• Jackie Schletter

To Board or Not To Board...

This is a great question that does not have one definitive answer. I recently fielded a question asking about boarding numbers when one considers wage vs. boarding revenue. I look at boarding from many aspects and often times wish some practices would do away with it. Trouble is, even a small amount of boarding can add nice profit to the bottom line and this often holds sway over the many levels of inconvenience boarding can bring to practice operations. There are published articles on both sides of the aisle. I'll explain my approach and I'm sure others will weigh in with different ideas and perspectives. I am speaking to boarding profit only, without the consideration of ancillary services. What I like to see is that that boarding revenue can be quantified in some way that would be difficult for another revenue stream to replace. I consider the services the practice is offering and work through forecasting to see if there is reasonable potential to replace lost boarding revenue with medical or other types of revenue. If a practice has a boarding net profit of $1000 a month, could the team recommend or offer laser therapy, more diagnostics, campaign for more cat exams or semi-annual exams, etc. to clear $1000 a month thus removing boarding from the practice menu? Conversely, could the practice find an expense that would save them $1000 a month so there is a wash if they discontinue boarding? I think the answer to this level of profit is probably yes as far as revenue generation - the practice could find an alternate revenue stream and abolish boarding. However, as the boarding profit number climbs, so does the difficulty factor to replace that revenue if you want to discontinue boarding. A kennel providing $5000 or $10,000 a month is a formidable revenue stream and more difficult to replace. At the end of the day, the headaches that come along with boarding can trump the revenue stream and some owners may simply decide to work on replacing the boarding revenue over time as opposed to an immediate push to replace those dollars. So, I don't personally look for a bench number or any particular percentage. I use this "revenue replacement" theory to assess boarding and then consider all of the other ways boarding affects the practice, both negatively and positively to help decide if the service is a good fit.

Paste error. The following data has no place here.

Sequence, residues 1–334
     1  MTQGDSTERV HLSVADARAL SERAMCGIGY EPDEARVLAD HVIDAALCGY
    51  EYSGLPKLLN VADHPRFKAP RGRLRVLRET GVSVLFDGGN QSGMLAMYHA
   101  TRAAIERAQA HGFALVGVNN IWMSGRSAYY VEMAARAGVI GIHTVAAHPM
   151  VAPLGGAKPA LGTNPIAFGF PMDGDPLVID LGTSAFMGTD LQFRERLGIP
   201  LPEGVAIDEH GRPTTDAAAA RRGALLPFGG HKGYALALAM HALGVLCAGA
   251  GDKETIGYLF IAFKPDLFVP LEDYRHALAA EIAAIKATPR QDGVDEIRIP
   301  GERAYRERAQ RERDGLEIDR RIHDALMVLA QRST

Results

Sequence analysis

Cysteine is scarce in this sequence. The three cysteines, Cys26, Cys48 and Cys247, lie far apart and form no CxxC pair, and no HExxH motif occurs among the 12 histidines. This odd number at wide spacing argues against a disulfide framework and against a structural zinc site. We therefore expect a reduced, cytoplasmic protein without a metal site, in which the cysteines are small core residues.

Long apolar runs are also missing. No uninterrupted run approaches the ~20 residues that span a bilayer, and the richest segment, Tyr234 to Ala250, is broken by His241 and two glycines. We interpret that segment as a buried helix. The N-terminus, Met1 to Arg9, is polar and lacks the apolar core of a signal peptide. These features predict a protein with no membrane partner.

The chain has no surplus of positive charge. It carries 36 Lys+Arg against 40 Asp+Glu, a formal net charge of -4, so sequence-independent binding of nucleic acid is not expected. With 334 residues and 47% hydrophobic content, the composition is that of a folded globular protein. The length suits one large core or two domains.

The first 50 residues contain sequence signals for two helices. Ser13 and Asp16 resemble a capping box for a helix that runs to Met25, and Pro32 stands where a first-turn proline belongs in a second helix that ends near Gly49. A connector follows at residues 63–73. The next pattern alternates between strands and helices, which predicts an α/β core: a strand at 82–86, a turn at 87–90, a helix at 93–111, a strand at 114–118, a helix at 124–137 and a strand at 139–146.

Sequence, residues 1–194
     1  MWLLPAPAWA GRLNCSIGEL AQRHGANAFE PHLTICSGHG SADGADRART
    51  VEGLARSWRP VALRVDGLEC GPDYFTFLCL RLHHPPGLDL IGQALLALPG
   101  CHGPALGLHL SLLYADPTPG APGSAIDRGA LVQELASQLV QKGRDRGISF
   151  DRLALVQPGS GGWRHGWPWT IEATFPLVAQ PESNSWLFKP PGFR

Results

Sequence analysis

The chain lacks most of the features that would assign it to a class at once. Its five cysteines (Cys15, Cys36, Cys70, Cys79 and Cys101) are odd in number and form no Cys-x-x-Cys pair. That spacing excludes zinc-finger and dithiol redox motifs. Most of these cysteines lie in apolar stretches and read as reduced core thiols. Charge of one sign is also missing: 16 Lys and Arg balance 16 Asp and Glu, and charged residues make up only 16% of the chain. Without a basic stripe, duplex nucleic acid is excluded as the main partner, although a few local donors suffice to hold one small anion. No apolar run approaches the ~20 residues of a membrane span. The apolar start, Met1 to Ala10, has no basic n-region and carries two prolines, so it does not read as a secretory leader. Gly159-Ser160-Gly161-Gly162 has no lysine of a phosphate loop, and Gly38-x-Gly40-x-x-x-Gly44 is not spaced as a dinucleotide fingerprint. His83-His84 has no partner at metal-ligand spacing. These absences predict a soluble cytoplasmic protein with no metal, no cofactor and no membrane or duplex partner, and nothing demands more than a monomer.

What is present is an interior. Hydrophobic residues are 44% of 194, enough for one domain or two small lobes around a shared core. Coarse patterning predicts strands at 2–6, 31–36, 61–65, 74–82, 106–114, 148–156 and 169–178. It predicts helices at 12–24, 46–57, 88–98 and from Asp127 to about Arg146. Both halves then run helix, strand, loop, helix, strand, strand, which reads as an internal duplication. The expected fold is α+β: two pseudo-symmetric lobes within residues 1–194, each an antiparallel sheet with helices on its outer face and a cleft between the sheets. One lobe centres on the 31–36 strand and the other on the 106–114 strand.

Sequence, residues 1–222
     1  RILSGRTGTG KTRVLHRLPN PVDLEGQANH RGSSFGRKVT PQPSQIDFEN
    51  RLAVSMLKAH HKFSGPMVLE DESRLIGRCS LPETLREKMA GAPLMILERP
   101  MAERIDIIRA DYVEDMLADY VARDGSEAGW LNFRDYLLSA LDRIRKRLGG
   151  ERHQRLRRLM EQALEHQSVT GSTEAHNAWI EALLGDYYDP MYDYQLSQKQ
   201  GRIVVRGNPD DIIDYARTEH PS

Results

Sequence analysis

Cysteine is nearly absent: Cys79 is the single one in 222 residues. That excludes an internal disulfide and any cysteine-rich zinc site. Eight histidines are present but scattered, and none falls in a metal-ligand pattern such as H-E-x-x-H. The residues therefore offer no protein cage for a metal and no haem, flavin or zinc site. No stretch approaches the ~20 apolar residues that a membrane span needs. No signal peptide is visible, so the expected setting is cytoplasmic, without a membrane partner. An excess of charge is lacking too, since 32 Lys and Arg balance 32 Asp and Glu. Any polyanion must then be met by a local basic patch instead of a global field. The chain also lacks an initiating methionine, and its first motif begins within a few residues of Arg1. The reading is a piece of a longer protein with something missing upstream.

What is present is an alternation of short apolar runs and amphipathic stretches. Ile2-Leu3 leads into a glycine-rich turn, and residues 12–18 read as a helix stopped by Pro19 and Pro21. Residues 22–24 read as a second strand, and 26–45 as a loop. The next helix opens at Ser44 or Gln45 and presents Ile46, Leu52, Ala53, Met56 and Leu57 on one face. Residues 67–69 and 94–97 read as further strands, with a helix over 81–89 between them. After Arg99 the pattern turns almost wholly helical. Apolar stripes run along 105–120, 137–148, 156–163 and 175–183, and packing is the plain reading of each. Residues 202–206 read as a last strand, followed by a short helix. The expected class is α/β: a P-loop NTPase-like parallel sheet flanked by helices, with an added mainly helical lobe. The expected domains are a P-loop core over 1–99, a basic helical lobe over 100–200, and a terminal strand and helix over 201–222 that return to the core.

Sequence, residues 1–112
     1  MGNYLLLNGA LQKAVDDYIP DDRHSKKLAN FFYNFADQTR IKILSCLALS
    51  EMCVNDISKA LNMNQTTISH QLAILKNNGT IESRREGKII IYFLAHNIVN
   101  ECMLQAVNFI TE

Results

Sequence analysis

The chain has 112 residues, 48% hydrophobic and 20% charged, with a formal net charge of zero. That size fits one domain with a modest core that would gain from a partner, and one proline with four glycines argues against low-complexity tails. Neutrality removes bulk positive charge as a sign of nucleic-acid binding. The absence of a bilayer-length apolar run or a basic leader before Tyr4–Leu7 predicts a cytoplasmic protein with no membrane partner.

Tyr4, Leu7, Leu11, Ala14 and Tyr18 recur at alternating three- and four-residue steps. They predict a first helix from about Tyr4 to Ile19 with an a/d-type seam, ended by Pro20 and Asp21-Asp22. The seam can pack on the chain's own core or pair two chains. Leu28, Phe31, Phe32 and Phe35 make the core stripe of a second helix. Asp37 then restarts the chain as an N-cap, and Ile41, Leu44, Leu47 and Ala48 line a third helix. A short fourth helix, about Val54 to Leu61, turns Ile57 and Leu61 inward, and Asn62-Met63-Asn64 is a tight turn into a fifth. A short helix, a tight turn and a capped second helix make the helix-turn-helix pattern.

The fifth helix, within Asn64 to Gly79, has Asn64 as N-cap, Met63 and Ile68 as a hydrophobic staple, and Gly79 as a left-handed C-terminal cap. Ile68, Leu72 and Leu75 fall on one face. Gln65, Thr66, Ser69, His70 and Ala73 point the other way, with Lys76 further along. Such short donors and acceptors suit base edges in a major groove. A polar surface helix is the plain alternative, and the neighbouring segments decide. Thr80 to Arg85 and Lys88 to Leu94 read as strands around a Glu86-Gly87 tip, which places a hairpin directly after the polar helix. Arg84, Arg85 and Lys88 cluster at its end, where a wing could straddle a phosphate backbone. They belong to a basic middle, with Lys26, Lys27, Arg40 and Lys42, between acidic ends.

Just as we've seen our veterinarians trend to specialists, I see veterinary hospitals leaving boarding behind and referring to the big, fancy, decked out boarding only facilities or in home pet sitters. Many owners do not want to invest in the boarding updates required to compete, or they simply do not have the space/layout required to do so easily. When done well, the revenue stream and the good it does for the practice as a whole is undeniable. When managed well, the swell to the bottom line is worth the occasional headache.

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